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Tangible data visualization of physical activity for children and adolescents: A qualitative study of temporal transition of experiences
International Journal of Child-Computer Interaction, Volume: 35, Start page: 100565
Swansea University Authors: Parisa Eslambolchilar , Melitta McNarry , Sam Crossley, Kelly Mackintosh
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DOI (Published version): 10.1016/j.ijcci.2023.100565
Children and adolescents in the UK are increasingly at risk of significant health problems due to physical inactivity. While activity trackers and fitness applications have focused on addressing this problem in youth, poor wear-time compliance and usability and accessibility issues have been frequen...
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Children and adolescents in the UK are increasingly at risk of significant health problems due to physical inactivity. While activity trackers and fitness applications have focused on addressing this problem in youth, poor wear-time compliance and usability and accessibility issues have been frequently reported in the literature as barriers to engagement. Physicalization of data offers an alternative approach to engage with physical activity (PA). In this paper, we present the results of a seven-week qualitative study with 97 primary and secondary school children (8–14 years old). We took a temporal approach to collect children’s and adolescents’ perspectives in short video interviews as they received 3D-printed models representing their faded-weekly PA levels. Our findings showed that children’s and adolescents’ emotional engagement with the models remained high throughout the study, while their reflection on the models and their knowledge of what constitutes PA and its different types evolved over time. The findings from this temporal study suggest that tangible data visualization of PA evokes experiences such as embodied reflection, active learning, emotional engagement, and temporality of PA experience. Therefore, we argue that the motivational impact of regular tangible visualizations as a form of feedback should be considered alongside wearable trackers in addressing childhood inactivity.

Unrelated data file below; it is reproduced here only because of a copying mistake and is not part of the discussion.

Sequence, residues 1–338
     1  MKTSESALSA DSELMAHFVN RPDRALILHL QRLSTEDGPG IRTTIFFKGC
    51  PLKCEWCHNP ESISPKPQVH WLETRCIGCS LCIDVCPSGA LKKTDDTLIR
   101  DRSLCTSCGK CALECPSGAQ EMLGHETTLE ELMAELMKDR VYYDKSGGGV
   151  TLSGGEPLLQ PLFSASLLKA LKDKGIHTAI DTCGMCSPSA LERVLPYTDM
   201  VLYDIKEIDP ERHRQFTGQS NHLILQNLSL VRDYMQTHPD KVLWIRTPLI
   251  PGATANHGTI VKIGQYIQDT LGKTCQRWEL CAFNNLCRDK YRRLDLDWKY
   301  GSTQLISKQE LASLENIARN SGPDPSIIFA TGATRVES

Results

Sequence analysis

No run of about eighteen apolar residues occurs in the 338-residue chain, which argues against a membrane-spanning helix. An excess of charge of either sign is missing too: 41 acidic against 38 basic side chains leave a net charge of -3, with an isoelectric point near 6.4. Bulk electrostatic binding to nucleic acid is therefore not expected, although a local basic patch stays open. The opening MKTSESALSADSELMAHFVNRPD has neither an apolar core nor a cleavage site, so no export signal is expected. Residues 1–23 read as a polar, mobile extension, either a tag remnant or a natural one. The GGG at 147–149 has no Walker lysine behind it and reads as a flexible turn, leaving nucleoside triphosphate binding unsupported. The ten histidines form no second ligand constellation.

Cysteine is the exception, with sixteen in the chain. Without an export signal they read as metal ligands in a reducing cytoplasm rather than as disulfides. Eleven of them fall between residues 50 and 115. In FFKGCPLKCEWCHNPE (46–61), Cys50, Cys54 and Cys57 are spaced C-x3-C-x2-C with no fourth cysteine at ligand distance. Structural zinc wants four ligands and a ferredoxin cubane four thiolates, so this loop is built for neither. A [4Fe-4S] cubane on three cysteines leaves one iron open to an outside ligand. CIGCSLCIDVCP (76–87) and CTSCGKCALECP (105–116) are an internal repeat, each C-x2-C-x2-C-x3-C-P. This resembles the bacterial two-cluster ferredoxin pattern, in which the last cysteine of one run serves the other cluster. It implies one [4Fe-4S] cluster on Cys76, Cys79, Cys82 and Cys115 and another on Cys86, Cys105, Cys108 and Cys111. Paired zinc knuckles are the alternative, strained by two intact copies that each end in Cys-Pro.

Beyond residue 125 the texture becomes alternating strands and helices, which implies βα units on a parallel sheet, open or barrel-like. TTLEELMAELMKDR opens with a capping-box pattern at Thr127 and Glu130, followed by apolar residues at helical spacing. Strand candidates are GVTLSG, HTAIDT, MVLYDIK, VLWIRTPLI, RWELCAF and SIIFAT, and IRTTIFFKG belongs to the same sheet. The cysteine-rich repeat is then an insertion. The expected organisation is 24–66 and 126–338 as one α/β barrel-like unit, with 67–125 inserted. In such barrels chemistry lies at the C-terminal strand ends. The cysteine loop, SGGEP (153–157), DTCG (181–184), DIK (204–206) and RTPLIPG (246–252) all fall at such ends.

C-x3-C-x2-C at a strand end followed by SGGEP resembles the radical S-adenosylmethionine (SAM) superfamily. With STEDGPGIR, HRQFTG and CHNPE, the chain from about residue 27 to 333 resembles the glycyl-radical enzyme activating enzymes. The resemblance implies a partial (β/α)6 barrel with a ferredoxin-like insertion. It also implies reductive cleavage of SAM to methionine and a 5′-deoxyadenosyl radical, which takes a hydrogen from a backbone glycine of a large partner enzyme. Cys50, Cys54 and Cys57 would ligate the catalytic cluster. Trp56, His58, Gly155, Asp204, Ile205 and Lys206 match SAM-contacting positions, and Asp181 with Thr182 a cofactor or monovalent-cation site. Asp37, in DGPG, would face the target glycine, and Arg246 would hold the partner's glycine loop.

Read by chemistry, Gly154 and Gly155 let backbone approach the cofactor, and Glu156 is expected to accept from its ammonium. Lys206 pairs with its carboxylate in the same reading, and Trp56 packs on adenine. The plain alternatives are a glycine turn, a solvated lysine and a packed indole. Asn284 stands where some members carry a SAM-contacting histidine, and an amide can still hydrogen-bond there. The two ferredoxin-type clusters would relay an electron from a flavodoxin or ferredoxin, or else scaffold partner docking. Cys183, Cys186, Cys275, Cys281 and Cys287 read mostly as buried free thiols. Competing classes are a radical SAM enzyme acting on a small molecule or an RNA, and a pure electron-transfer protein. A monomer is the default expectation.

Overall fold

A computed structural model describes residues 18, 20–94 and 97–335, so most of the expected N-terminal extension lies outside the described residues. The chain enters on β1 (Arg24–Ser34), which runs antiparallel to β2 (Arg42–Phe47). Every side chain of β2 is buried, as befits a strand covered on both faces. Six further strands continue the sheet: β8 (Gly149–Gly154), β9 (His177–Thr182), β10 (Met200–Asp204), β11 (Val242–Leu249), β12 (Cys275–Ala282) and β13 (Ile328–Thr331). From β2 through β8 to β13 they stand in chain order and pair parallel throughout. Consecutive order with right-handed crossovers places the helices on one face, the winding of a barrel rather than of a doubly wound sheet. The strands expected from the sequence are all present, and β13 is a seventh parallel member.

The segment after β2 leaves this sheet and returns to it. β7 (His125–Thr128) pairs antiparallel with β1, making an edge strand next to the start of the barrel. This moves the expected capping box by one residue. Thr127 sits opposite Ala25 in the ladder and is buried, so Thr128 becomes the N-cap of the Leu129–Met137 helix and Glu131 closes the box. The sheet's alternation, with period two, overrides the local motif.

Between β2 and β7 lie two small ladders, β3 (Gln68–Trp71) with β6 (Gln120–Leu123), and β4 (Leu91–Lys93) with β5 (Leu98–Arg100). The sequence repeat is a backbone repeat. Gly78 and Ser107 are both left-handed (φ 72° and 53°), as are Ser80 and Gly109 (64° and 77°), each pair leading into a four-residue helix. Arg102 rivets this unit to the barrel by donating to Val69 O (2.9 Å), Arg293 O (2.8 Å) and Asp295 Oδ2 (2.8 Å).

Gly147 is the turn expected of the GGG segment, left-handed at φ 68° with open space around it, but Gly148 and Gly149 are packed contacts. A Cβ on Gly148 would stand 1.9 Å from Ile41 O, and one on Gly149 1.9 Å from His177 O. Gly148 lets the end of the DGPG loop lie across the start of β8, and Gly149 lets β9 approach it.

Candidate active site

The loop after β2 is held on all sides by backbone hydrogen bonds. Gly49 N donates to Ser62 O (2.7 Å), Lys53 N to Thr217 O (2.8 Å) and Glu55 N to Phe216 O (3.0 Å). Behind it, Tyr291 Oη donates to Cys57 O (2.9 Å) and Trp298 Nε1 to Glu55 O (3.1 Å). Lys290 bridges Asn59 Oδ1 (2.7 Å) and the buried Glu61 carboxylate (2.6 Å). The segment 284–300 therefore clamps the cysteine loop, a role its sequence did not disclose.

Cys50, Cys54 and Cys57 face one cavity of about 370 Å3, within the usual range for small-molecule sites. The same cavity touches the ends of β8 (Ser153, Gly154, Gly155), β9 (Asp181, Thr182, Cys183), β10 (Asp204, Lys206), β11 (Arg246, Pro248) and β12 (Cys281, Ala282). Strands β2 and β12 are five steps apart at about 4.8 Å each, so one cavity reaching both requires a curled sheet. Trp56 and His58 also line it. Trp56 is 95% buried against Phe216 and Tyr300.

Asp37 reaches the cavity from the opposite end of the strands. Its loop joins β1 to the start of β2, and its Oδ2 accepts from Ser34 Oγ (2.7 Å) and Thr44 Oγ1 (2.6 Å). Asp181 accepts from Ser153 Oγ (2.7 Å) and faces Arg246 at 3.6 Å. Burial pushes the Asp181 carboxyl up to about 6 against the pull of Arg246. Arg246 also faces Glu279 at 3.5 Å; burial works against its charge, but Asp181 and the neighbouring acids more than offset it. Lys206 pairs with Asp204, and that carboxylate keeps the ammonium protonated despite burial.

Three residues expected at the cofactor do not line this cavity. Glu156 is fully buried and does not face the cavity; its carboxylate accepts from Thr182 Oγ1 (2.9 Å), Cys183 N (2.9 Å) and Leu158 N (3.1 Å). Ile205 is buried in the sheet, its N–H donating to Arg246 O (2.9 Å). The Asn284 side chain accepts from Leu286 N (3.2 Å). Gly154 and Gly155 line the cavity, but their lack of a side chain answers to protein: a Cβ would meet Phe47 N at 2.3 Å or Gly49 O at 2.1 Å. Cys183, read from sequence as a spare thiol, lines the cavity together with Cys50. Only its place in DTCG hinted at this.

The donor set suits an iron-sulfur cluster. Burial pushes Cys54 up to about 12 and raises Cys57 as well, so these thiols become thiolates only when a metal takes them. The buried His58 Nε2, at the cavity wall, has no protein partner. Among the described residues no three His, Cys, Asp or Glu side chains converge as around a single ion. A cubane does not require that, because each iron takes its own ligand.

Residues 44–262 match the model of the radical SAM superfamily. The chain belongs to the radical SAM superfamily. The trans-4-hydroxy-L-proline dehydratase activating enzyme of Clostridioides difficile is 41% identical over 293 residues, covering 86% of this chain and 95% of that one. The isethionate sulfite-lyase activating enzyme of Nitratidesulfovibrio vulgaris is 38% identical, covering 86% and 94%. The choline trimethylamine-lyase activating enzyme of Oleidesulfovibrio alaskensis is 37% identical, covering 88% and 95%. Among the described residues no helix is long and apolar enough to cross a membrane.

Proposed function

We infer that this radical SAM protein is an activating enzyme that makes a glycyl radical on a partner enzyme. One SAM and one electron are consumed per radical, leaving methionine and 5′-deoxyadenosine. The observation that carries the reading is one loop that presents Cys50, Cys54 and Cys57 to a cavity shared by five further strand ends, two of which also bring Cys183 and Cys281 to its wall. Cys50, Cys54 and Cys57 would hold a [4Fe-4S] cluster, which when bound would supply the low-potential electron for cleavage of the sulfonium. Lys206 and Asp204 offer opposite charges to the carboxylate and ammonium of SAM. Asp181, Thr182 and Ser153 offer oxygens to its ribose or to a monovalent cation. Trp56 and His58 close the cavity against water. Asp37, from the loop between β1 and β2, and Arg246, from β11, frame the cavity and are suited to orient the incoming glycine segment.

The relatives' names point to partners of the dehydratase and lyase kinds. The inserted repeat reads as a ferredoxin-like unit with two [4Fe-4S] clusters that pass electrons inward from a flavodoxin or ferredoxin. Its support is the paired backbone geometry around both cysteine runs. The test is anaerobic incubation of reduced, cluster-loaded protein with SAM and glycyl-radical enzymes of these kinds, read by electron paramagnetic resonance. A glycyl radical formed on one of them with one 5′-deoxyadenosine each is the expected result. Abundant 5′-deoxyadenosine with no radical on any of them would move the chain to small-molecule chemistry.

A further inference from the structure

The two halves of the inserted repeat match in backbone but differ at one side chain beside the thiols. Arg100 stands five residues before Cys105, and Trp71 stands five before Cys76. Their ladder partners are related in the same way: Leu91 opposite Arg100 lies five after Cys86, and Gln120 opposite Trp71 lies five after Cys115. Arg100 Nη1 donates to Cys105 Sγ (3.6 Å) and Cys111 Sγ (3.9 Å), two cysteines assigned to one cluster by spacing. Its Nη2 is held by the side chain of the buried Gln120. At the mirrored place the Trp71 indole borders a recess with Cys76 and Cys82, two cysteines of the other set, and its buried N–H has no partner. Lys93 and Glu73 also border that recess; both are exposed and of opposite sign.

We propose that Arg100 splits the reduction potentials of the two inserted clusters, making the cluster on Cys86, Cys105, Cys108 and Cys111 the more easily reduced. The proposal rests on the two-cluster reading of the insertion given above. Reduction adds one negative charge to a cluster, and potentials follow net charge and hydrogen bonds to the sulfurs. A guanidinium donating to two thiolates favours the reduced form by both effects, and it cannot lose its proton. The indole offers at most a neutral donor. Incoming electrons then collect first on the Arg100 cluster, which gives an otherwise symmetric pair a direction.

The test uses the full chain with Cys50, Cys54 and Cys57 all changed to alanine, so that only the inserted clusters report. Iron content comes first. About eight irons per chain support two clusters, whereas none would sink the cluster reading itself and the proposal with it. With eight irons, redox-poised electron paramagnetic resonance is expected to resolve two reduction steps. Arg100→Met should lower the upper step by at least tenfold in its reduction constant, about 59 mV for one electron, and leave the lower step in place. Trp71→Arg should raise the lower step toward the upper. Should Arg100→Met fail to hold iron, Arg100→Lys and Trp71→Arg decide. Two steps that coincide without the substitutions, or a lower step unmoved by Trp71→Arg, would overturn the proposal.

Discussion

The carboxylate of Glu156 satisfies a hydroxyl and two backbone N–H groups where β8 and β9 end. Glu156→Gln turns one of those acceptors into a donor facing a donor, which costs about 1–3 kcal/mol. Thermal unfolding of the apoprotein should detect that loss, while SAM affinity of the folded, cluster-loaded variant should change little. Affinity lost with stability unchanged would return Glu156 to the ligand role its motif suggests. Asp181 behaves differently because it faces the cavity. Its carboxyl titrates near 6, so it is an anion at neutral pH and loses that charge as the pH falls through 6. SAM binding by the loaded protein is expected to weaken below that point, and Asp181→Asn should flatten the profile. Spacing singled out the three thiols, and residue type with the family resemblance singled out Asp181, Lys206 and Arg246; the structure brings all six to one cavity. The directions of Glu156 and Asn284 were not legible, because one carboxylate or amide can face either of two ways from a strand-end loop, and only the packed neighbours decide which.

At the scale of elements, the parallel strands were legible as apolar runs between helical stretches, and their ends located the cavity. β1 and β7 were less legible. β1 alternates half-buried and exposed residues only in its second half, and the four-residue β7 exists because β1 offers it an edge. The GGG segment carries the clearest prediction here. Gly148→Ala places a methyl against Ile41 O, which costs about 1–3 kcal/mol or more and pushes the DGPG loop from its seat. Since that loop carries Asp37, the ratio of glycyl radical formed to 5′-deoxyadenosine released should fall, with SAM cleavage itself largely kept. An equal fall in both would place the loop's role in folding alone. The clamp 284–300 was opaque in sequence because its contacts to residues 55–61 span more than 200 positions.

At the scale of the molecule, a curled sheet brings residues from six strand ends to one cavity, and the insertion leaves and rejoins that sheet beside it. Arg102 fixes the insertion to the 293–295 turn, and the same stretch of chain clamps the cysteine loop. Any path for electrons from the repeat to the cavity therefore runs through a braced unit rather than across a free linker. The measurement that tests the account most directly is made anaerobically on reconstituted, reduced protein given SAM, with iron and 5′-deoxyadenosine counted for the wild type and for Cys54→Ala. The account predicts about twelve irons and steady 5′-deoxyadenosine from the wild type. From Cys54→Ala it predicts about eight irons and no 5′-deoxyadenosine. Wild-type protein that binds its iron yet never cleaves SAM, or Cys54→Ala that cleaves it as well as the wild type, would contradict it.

Physical activity, Physical visualization, Tangible artifacts, User experience, Reflection, Engagement, Active learning, Temporality, Longitudinal, Children, Adolescents
Faculty of Science and Engineering